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No, this is a live ball and play should continue. It’s the same as if a fielder throws a ball which ricochets off a runner.OBR 6.02. (a) 7 – It is a balk when the pitcher makes any motion naturally associated with his pitch while he’s not touching the pitcher’s plate.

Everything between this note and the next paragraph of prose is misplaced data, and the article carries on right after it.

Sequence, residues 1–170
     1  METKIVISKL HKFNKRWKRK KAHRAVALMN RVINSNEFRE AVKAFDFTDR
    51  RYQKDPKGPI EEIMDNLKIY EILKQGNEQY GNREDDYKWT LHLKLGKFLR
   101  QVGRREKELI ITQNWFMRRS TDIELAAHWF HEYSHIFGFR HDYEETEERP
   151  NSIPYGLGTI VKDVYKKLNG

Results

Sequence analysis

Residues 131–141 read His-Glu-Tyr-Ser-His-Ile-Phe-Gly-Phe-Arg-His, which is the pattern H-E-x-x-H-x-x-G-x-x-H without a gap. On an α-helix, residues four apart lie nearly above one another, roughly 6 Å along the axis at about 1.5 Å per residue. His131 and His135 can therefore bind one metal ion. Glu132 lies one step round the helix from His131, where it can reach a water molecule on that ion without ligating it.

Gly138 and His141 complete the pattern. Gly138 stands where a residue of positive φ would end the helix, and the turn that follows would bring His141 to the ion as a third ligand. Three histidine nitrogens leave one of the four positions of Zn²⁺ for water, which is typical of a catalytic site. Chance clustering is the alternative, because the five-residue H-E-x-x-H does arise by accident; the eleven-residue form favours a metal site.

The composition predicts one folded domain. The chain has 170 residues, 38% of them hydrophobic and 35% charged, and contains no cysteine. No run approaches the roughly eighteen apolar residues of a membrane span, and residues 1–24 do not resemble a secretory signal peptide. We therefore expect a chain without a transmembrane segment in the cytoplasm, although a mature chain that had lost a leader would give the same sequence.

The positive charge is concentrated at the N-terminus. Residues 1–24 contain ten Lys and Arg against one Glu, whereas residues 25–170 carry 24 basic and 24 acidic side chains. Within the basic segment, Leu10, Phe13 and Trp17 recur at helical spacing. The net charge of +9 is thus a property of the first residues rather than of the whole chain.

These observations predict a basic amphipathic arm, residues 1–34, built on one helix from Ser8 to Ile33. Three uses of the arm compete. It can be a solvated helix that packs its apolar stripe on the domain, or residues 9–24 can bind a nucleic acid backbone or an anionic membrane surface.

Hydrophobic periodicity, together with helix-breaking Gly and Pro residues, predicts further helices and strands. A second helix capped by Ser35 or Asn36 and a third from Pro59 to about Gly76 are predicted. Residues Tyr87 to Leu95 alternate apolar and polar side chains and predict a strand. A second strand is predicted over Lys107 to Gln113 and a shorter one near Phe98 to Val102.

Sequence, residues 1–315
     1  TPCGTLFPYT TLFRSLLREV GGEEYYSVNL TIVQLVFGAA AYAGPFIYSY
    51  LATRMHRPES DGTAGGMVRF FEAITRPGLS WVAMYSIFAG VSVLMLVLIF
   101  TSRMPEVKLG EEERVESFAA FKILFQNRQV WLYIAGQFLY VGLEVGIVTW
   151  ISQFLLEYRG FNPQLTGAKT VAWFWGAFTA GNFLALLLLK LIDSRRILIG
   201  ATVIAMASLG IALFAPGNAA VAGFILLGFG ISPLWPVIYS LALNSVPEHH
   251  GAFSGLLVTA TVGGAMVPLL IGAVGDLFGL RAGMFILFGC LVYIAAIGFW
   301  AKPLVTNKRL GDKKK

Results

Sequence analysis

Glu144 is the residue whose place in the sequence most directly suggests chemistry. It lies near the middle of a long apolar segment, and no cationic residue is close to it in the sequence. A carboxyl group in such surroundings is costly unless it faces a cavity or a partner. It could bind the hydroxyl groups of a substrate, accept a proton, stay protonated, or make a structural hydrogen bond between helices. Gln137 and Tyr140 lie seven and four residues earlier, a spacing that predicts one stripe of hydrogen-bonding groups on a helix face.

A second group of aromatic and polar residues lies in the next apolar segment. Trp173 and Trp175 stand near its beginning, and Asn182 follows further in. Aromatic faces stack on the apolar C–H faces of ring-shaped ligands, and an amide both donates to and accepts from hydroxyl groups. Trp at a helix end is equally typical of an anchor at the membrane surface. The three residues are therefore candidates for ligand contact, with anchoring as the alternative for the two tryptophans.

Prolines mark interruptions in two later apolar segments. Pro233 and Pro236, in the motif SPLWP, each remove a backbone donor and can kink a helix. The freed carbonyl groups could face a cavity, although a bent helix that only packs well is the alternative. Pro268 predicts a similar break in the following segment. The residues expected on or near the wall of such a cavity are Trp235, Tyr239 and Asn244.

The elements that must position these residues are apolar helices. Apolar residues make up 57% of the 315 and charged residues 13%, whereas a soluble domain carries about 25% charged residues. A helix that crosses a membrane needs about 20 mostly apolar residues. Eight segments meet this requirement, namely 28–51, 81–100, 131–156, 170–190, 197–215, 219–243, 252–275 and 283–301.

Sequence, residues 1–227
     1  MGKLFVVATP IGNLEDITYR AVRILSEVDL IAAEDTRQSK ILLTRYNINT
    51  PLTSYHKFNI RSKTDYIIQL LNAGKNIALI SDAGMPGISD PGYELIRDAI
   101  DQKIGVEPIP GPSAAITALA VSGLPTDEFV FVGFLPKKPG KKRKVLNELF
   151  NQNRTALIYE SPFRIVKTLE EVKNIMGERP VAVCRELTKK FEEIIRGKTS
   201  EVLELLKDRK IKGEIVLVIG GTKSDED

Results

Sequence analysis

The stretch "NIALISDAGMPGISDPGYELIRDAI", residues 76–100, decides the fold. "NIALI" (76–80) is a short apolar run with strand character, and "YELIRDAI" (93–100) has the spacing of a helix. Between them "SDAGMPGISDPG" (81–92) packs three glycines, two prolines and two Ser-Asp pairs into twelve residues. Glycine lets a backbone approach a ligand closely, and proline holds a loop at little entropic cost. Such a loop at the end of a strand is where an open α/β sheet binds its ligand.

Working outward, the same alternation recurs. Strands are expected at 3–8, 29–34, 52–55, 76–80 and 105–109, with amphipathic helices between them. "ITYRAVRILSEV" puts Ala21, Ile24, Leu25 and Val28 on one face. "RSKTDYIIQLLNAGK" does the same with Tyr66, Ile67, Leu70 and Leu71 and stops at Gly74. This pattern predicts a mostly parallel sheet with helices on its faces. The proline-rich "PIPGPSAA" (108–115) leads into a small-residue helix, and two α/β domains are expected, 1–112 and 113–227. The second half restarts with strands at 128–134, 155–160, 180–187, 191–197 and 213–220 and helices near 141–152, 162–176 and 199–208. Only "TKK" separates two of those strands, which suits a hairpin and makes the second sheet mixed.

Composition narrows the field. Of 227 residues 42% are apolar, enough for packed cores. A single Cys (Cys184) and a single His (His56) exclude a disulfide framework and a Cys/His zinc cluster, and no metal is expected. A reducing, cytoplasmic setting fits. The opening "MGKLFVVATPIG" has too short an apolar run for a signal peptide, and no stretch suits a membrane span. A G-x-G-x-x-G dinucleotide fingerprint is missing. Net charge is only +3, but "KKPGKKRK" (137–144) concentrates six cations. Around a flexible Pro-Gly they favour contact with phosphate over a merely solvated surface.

Thus, it must be adjudged whether his throwing motion is “naturally associated with his pitch”. This most commonly occurs with a suicide squeeze, and the pitcher steps off quickly and then throws home to retire the runner. This is generally considered NOT a natural pitching motion as all parties involved are usually aware that it is an attempt to throw out the runner from third. However, if the pitcher steps back, but then throws in a manner similar to his pitching motion, it could be called a balk.In OBR, the penalty is much more forgiving as the rule is simply to call time and return the runner to his original base as of the time of pitch, if applicable. However, in NFHS, if the runner is stealing on the play and follow through interference occurs then it is considered batter’s interference and the batter is called out with the runner being returned to his original base. If the pitch results in strike three, the same ruling applies in OBR, just send the runner back to 1st. However, in NFHS a strike three would cause the batter to be out, and the runner would also then be called out on the batter’s interference. Note: In NFHS, if the runner is not stealing on the pitch, then the rule is the same as OBR and no batter’s interference is called. Time would be called so as to prevent the runner from advancing on continuous action.The stretch position is when the pitcher is bending over taking signs from the catcher with his hands separated and one of them down at his side prior to coming to the set position where he brings his hands together and comes to a discernable stop. At this moment, he now has the permission to pitch the ball. Since these motions connect with each other, the terms have been used interchangeably by some.The 1975 World Series is infamous for an umpire term called “tangle untangle” wherein the batter came out of the box and collided with the catcher. This is purely a judgement call where it must be determined the severity of the collision and who is in most violation. If the catcher shoves the batter to the ground, it is obstruction. If the batter shoves the catcher to the ground, it is interference. If they just bump each other both doing what they are supposed to be doing and no one gains an advantage, you may see the umpire give the “safe” signal indicating he has determined this to be “tangle untangle” and everyone should play on.For this reason, the runner’s lane does not begin until 45 feet down the base path. This gives the runner plenty of time to adjust his path out of the box and run legally the last half of the way to first base. If he chooses to not correct his path, he is subject to being called out for runner’s lane interference.Once the pitcher separates his hands, he has committed himself to pitch. Stepping off the rubber alleviates his obligation to pitch as he is now an infielder. Which came first, the chicken or the egg? If the pitcher clearly separates, and then decides to step off, it is a balk. If the pitcher starts to step, but before he completes his step he separates his hands, he’s fine. If he does it at the same time, the umpire should provide some leniency.